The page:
Prize Entry

November 2017

Lavinia Singer

In memory of Sandra Bland and Philando Castile   #1   Remember back in the heft of 2001? 7,227 items were delivered   to an old C&A in Oxford St – Landy sets up   a conveyor belt industrial shredders drills, saws clawhammers the violence of it and in them he puts his jeans his socks old shirts a stuffed toy bear family photos his car artworks his passport   he becomes       unidentitied              un-thinged   by white-gloved handlers   who place his belongings              gently into the shredder   or throw them into the trash compactor, joking              as if they’re on a production line   and they are, in fact, on a production line,              and then he is mediated by blades   and then, when he is              six tonnes of rubbish   it’s as if he has never              lived   all he can feel is his body his blue overalls   shock of cold air              on his neck   his eyes open his mother’s disappointment his father’s sheepskin jacket                           gone how could he he did afterwards,              his scalp is a buzz-cut tingle   his feet are holograms              he has never felt such who is the self where is he he is there and he is not there he is disappearing              the way men are always disappearing   in novels, and in pregnancies and here, in the gallery a man looks into his own life from outside dissolving – He makes a book              lists all the things                           300 pages a life he exhibits                           words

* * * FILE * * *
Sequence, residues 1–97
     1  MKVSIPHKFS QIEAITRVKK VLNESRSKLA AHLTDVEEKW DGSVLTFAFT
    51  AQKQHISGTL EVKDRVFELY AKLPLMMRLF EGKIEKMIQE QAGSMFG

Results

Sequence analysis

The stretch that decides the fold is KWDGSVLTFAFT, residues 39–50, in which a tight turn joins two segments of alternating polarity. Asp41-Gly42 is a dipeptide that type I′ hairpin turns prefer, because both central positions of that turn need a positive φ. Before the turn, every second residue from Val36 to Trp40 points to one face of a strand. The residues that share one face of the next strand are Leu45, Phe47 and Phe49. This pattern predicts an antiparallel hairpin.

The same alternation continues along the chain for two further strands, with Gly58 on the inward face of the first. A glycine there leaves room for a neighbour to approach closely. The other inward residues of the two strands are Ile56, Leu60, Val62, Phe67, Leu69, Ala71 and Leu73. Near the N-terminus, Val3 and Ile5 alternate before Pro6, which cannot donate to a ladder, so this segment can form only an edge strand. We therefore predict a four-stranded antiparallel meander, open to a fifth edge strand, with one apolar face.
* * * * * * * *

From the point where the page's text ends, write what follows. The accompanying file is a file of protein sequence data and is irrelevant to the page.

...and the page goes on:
Prize Entry

November 2017

Breakdown

Seraphima Kennedy

Prize Entry

November 2017

In memory of Sandra Bland and Philando Castile   #1   Remember back in the heft of 2001? 7,227...

BROOD   after Goya’s Pinturas Negras   Saturn never expected to devour his children,   his fingertips digging into their ribs, light   -headed Didn’t start out weeping, or sense   as he hid in his winter bath on that murky morning   up to his eyes gazing over   the loosely level surface that healed   its holes as his knees withdrew And he didn’t   remember it later that night, even after   he found dried blood in his nails The steady rush   was all he recalled, a creek after rain, a head slumping   forward, a riddle resolved One son he had raised   to the light like a t-shirt he’d worn   every day for weeks on end for a band   he could no longer stand             GROUNDED   if                                                                                                                                   then they                                                                                                                            climb nod off                                                                                                                your roof as static                                                                                                          hail a cloud drowns the anchor’s voice     
Three Poems

Poetry

November 2017

Eric Berlin